National Business Awards Entrepreneur finalist focus: James Caan, Hamilton Bradshaw

Describe your background and journey into the business world
I left home at the age of 16, having picked up the business bug from my father who manufactured and sold leather garments. I decided not to go into the family business and began working in recruitment. I instantly loved it as I am naturally a people person and recruitment is based around people. I met my future wife Aisha and helped her start up her own boutique business.

Once that was profitable, I was itching to start up my own business in recruitment. I founded Alexander Mann, which was initially just me in a tiny Pall Mall office with a phone and a copy of the Yellow Pages. Eventually it grew into a global brand, with 30 worldwide offices and a turnover of £130m. Now with Hamilton Bradshaw established as a leading private equity firm, I have the opportunity to actively invest in entrepreneurs and small businesses, which is something I’m hugely passionate about.

This was another reason I became Chairman of Start-Up Loans; to be involved in a scheme where we could create tens of thousands of jobs is something which really inspires me.

How did you fund your business?
I had to be a bit creative at the time. The first business I started with Aisha was largely funded by taking out 3 separate credit cards with banks that had an overdraft facility. I then used a small amount of money from this business to start up Alexander Mann. As it was a recruitment agency, I didn’t actually need much capital at the start – all I was paying for was rent, a phone and some business cards.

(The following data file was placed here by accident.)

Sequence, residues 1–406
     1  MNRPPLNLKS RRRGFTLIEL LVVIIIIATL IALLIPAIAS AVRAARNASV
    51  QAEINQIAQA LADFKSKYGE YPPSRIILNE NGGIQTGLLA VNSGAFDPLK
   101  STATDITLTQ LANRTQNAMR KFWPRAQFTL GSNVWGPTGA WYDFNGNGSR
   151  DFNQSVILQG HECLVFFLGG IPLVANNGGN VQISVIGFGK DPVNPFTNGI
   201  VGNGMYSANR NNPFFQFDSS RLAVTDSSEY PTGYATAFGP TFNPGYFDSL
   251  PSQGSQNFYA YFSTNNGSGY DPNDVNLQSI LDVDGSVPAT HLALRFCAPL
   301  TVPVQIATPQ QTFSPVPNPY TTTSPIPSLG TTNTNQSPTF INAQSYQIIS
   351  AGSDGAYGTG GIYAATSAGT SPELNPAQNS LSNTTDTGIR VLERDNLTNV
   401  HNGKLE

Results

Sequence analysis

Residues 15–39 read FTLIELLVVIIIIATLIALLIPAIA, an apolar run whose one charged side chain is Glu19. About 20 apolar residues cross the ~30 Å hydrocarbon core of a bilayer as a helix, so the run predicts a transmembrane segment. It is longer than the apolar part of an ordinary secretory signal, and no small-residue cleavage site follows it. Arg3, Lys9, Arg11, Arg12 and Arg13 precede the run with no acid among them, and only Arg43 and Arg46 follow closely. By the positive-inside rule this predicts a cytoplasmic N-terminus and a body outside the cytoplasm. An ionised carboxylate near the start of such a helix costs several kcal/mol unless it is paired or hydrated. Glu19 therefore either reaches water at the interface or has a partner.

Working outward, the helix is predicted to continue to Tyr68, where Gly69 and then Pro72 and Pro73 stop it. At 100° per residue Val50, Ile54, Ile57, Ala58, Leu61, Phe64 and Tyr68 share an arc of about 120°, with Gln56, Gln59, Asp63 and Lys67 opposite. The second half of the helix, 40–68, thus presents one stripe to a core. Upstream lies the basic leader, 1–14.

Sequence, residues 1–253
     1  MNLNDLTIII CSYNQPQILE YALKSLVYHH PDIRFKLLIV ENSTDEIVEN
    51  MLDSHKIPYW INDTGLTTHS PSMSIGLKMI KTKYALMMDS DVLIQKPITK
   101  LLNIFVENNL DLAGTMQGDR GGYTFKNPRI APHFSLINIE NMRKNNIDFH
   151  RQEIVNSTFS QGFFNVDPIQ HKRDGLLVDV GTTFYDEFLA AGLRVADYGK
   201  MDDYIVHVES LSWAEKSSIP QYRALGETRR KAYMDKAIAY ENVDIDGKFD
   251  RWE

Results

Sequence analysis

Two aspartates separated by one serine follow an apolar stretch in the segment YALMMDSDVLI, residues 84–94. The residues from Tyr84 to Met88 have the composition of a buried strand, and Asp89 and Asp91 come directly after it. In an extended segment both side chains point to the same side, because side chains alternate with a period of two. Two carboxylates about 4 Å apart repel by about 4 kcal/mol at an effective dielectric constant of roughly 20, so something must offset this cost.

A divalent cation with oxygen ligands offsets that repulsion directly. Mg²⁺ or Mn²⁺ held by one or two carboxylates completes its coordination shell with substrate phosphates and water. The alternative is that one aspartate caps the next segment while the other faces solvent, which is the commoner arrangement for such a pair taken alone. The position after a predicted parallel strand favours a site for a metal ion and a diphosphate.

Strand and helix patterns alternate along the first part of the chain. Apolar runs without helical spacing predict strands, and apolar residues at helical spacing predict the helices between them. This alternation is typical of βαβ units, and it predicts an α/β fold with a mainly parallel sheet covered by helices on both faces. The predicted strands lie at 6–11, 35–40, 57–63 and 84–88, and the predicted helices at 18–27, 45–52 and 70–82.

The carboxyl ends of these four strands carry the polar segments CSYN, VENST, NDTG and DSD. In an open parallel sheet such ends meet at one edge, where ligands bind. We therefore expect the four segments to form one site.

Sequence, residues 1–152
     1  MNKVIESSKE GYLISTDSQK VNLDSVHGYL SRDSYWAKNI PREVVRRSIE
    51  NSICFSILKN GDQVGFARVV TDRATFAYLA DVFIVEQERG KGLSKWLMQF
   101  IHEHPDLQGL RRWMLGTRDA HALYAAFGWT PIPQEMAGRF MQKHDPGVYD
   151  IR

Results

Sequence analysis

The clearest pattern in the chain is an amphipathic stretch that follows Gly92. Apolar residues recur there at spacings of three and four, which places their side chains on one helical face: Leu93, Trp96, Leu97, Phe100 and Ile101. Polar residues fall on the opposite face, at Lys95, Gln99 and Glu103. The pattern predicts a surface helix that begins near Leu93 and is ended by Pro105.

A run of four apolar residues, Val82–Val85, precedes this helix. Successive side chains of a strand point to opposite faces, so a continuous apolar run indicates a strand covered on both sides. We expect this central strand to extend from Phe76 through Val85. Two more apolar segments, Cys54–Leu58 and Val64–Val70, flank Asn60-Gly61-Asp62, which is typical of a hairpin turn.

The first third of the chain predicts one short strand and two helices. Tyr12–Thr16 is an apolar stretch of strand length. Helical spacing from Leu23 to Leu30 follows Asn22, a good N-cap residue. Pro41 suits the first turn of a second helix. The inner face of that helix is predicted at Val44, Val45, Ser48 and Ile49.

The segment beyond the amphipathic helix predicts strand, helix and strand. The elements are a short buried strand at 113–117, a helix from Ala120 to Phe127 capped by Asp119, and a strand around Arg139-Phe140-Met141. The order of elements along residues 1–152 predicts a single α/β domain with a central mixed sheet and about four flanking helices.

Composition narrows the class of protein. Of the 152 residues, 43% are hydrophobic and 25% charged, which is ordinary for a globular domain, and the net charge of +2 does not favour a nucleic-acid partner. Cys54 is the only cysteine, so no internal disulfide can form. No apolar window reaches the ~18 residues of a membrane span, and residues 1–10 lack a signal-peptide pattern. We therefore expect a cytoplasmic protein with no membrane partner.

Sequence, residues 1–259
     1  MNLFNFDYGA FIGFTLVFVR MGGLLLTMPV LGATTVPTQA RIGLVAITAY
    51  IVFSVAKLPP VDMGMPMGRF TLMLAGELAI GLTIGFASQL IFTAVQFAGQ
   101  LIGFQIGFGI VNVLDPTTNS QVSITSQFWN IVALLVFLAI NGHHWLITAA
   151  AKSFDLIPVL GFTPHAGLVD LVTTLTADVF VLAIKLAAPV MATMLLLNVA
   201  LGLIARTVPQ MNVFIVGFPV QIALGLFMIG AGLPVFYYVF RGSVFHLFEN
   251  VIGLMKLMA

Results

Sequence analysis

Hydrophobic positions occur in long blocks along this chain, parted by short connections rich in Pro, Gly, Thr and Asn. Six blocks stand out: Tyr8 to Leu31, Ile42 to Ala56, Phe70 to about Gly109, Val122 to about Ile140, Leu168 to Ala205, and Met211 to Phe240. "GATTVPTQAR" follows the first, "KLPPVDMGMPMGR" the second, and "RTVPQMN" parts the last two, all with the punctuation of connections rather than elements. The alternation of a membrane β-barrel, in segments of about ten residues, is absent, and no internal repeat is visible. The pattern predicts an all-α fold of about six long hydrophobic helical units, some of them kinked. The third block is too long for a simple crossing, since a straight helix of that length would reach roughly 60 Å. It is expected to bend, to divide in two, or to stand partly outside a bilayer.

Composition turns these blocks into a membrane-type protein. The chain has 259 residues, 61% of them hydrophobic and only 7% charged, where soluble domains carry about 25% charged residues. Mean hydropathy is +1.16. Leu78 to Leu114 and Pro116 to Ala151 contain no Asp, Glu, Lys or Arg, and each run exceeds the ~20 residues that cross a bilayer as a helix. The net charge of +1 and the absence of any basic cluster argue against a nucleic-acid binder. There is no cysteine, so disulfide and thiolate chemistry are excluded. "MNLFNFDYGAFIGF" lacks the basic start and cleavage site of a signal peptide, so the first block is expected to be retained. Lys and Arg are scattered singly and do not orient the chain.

How are you managing the challenges associated with starting up your own business?
Starting a business is never easy, and anything that can go wrong will go wrong. But I am somebody who absolutely loves the challenges; it’s what gets me out of bed in the morning.

I often say that it is your attitude, not your aptitude, that determines your altitude. If you have that entrepreneurial drive to be a success and to solve problems, you will be able to take any challenges head on.

I am also a firm believer in thinking outside of the box – my motto has always been to observe the masses and do the opposite. If you can surround yourself with people that have a similar mentality but different areas of expertise, that will energise you and help take your business to another level.

Can you give any advice to others starting up businesses?
During my time on Dragons’ Den I saw thousands of business pitches so I understand how difficult things can be for start-ups. Self-belief is all important. It’s very easy to get caught up in the doom and gloom that can sometimes be painted, but if you have a bankable idea and a passion for what you are doing, you can be a success.

You should also ensure you have a good cashflow. This is something that is important for all businesses, but especially start-ups. Negotiate strong payment terms with customers and try to build good relationships with suppliers. The success of your business is not based on how much money you will get in 60 days’ time, but how much cash you have available.

How do you foster innovation throughout your business?
I think it’s all about creating the right culture. Don’t just pay lip service to it – create an environment where employees are actually encouraged to come up with ideas.

Hiring people who have a real passion for innovation plays a big part in this. Sometimes when I come across somebody who I think can make a difference to my company; I create a role for them even if we aren’t actively recruiting. Another piece of advice would be to make sure you and other people within the firm are constantly analysing the market and looking for trends and gaps.